I happen to think that one of parents’ most important responsibilities is preparing their children for the day when they leave home and live on their own. Will they be ready to make decisions for themselves? Will they know how to react in stressful or dangerous situations? Will they be able to manage their own money? The list goes on and on. But the way I mentally visualize this parenting challenge is using the “give more rope” analogy.
When your child is young, there is only a very short rope between you and them. What does this mean? As they drift from side to side (ie – doing things that are wrong or dangerous), the rope is so short that the parent can immediately correct (explain, scold, punish). The other benefit of the rope being so short is that the consequences of the child’s action are limited. Even something like touching a hot stove might seem catastrophic at the time but in a short few years you’ll realize that a blister on a finger is nothing compared to later potential consequences you’ll be worried about. Again, a short rope yields quick correction and limited consequences.
As the child ages, imagine progressively giving them more rope. They can swing further to the side before parental correction but the consequences of their action are greater. This means that wider variations within the range of their control translate to a wider range of decision-making responsibility and an increased opportunity to learn from mistakes. Carry the evolution into high school and things like dating, alcohol/drugs, driving a car and plenty of other young adult issues are presented. This is when it starts getting scary for the parent because the right thing to do is continue to give more rope to the son/daughter but the consequences of bad decisions can be really serious.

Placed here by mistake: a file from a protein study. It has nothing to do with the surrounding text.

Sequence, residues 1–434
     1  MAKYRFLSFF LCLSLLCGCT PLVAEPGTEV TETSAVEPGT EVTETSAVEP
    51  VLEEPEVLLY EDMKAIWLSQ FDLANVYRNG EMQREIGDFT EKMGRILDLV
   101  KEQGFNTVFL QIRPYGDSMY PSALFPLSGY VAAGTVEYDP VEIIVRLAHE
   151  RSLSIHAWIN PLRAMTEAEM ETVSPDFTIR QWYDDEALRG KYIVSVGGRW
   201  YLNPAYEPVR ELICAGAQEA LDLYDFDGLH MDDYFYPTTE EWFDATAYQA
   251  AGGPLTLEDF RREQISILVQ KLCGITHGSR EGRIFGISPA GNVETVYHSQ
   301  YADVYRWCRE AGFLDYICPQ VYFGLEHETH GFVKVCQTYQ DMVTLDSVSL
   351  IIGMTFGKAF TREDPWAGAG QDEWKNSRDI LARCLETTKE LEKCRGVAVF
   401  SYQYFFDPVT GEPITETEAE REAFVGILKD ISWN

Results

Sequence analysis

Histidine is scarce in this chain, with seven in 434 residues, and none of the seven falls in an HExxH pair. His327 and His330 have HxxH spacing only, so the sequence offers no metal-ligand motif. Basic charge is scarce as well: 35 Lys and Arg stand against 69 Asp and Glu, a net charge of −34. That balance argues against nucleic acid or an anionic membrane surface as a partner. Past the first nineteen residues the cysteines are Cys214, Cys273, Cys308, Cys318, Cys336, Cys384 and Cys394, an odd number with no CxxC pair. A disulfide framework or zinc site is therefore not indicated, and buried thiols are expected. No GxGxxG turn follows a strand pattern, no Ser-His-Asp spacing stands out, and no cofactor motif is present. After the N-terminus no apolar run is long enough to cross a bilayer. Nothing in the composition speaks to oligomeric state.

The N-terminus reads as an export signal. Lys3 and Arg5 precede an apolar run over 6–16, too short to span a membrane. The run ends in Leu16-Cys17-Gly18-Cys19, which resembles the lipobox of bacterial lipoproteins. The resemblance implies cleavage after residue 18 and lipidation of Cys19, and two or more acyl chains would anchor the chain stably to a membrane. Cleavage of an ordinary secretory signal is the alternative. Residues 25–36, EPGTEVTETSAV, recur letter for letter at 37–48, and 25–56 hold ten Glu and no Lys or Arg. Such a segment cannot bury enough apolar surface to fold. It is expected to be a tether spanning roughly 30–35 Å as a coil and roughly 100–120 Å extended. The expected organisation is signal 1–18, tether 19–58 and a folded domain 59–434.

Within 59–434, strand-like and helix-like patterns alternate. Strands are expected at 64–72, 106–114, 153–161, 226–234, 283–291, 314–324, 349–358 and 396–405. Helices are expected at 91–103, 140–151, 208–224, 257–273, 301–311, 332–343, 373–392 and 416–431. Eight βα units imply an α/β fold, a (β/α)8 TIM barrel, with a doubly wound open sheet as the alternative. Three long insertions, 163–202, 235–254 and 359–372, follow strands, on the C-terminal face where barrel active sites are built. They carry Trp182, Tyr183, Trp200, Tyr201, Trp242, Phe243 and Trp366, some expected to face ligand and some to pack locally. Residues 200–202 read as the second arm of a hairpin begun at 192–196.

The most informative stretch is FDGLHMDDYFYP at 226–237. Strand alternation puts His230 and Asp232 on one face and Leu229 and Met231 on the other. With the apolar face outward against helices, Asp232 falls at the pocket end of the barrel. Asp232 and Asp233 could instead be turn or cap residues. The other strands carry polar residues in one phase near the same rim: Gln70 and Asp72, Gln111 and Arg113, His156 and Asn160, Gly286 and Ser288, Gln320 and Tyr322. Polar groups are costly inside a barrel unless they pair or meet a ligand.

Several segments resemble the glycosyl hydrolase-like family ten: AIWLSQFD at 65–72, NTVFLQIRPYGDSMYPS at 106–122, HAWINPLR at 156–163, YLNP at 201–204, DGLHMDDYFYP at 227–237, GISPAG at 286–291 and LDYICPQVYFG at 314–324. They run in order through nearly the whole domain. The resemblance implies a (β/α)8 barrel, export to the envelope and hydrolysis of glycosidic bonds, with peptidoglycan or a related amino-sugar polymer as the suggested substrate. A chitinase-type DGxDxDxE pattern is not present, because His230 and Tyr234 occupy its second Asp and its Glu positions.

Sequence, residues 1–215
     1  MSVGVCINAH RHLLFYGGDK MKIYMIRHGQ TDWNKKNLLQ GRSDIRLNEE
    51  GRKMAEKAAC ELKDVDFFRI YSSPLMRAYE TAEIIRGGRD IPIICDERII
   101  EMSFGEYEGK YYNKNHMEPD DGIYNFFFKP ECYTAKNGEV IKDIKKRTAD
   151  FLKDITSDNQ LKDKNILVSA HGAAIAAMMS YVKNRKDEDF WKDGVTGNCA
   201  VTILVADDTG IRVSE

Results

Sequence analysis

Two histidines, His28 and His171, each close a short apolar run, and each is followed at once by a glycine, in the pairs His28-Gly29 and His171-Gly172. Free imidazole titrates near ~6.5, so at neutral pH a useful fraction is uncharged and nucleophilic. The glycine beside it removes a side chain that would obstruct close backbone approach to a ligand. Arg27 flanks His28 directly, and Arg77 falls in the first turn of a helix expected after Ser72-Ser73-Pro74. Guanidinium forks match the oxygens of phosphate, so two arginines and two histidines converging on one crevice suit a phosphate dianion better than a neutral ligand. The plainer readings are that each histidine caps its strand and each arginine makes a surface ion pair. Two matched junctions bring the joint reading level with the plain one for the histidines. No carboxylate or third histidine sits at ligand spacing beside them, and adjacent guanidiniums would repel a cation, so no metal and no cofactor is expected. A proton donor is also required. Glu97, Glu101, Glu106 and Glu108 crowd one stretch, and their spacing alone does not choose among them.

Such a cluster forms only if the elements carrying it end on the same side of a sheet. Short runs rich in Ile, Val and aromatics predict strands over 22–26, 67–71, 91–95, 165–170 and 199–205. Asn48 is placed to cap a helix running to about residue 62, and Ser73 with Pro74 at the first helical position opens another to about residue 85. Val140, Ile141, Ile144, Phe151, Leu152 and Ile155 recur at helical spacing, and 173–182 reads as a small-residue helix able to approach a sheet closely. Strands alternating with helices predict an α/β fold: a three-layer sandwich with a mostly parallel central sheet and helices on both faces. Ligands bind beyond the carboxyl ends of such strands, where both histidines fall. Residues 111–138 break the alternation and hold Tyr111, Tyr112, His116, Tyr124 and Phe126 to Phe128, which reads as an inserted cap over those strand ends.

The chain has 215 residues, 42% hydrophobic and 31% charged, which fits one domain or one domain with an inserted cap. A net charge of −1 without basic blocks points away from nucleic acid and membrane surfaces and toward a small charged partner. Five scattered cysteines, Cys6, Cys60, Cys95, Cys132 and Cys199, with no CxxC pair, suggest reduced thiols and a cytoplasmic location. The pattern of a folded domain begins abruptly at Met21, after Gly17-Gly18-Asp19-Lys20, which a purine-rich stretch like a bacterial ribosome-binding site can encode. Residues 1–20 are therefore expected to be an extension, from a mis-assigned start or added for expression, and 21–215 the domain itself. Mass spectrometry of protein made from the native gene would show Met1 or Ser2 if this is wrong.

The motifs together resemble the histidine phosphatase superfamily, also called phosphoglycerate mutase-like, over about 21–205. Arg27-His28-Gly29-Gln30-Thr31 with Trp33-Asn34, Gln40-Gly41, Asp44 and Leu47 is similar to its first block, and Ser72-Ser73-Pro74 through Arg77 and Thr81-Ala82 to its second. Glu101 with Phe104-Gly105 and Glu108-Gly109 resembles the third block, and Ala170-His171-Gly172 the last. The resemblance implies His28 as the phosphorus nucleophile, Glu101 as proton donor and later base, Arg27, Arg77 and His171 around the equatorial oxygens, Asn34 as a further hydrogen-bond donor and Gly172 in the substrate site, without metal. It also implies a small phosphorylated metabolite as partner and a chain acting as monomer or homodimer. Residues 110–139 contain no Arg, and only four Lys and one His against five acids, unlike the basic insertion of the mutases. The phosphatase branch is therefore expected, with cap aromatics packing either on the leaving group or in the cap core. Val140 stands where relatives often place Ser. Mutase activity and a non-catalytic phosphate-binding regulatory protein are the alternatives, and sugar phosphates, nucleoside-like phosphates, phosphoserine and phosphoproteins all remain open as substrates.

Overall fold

But let’s go back to the ultimate objective. You’re trying to ensure that your son/daughter is as prepared as possible when they pack up their car and drive off to college or otherwise leave the home. They are going to be presented with similar and greater challenges when they are on their own. So make sure they are exposed to them while there is still at least some rope attached. And on the day they move out of the house, extend the last remaining inches of rope and hand it all to your son/daughter and say “We’ve given you all the tools we could think of so that you’re ready to make your own decisions. Make them wisely.”
I actually explained this analogy to my children when they were about 12 years old and again then they were about 15. I wanted them to know the philosophy and our support for making their own decisions while still living under our roof. This parenting principle is greatly complemented by the “What’s The Worst Thing That Could Happen” concept described in another post.
See my other blog posts on parenting here.